A lot of what you think of the new Mainstream AC format at WNEW New York, now billing itself as “Fresh 102.7″ will depend on whether you agree with the following two propositions:
- Clear Channel’s market-leading WLTW (Lite FM) is cheating too young, (making it one of a few Mainstream ACs that manages to do so–despite overall concerns about the aging of the format)
- Lite’s sister, top 40 WHTZ (Z100), which has re-emerged as a market force over the last year, is cheating too old, somehow convincing too many 30-year-old moms to sit through Akon and Ludacris to hear Christina Aguilera and the Fray.
CBS’ new bright AC launched yesterday morning (Jan. 2), billing itself as “Today’s Soft Music without the tired old songs,” a point of differentiation from WLTW and its prominent ’70s component. A less-prominent liner, the one seemingly aimed at Z100, promises “no loud music or talky DJs.” Between those two extremes, on the station’s first day, was a primarily ’90s and now-based AC, playing only one ’80s song an hour, sometimes none, and nothing older.
This is WNEW’s second attempt to find a wedge between WLTW and Hot AC WPLJ, the old WMXV (Mix 105) position that it first attempted to fill in late 2003 before evolving to Rhythmic AC. But a lot has changed in three years, and the notion that you would now have to think of Z100 factoring into that equation is just part of it:
- Hot AC WPLJ, while never relinquishing its currents, opened up its library around the time that WCBS-FM became “Jack-FM,” a change that did not go unnoticed by some of its fans. While that library has since become less prominent, you’ll still hear a “Brown-Eyed Girl” from time-to-time.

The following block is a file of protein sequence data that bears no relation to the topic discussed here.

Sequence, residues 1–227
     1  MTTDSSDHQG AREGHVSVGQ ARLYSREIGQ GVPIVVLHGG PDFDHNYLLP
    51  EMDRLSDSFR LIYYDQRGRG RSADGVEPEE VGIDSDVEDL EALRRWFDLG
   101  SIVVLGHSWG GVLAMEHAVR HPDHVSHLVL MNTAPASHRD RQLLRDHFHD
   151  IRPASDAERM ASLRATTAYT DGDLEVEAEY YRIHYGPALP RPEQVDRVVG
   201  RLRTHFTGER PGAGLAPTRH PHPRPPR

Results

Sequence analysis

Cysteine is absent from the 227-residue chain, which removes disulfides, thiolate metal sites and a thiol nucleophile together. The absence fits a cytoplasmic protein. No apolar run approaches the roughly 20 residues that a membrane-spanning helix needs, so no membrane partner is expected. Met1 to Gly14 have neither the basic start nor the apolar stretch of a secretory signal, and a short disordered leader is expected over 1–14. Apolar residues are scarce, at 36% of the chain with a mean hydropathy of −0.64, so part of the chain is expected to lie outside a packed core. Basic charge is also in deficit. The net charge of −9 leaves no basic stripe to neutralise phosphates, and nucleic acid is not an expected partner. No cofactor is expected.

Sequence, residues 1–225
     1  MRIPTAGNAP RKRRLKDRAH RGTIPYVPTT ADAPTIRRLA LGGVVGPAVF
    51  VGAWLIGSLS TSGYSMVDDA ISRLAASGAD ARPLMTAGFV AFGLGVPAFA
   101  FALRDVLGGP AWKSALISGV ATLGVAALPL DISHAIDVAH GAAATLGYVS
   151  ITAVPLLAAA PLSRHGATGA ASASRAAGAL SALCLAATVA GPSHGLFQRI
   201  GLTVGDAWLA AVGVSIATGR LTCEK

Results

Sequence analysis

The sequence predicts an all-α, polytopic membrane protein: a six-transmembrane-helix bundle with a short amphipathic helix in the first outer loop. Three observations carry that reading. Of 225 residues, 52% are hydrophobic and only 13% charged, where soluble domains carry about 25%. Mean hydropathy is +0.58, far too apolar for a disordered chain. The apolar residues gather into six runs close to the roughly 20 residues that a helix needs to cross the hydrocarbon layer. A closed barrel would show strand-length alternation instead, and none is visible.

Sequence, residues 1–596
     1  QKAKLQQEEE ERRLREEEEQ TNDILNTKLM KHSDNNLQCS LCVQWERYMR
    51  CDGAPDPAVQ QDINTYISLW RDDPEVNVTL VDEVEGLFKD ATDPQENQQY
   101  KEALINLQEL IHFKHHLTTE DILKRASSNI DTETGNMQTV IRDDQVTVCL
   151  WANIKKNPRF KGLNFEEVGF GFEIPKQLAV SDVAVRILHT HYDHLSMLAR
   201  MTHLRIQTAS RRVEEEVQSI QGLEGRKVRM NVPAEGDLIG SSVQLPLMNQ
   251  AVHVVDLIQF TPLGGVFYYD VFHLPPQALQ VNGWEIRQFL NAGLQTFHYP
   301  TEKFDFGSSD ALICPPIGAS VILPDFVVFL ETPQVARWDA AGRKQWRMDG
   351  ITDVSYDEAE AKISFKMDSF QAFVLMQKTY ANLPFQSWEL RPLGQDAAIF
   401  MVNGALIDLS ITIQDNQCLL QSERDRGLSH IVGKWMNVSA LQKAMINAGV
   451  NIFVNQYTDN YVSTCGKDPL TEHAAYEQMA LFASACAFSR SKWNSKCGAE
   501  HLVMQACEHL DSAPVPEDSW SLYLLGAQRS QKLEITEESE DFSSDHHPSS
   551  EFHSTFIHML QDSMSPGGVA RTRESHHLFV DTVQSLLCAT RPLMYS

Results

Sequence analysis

- In addition, WKTU’s recent reconfiguration to Rhythmic AC and the lack of a current rock station in the market mean that there aren’t a lot of stations specializing in “today” beyond Z100 and the market’s Hip-Hop and Latin outlets.
- A mainstream AC specializing in the ’90s and ’00s gets WNEW and sister WCBS-FM out of each other’s way. While one leaned Rhythm and one leaned Pop/Rock, the two stations were covering much of the same turf chronologically.
Beyond that, the notion of a “soft and contemporary” approach to AC has had advocates for a while. (In fact, the only time an AC is usually willing to use the word “soft” in a liner is if it is thus modified, as is the case here.) Last year at this time, then-consultant Cary Pall advocated something similar at WQFM Wilkes-Barre, Pa. Hot AC has certainly seen a split across eras and demography, particularly since the advent of Jack-FM. So why shouldn’t the same thing happen at Mainstream AC?
Well, if it doesn’t, the answer will be the ’70s disco that has been such a secret weapon for Lite-FM, giving it a greater vitality than you’d expect from 30-year-old songs. Ultimately, demography insists that a new group of listeners must come along who have no interest in “Brick House” or “I Will Survive.” But those songs have done a pretty good job of living up to the durability implied by their titles so far. They have also helped to give WLTW a utility with African-American and Hispanic listeners that ACs don’t usually have. (On its first day, Fresh 102.7 was about 15% rhythmic; WLTW is usually at least twice that.) If those records are indeed the “played out” songs that Fresh is promising to provide relief from, it’s only because there have been at least four stations in the market playing them over the last year.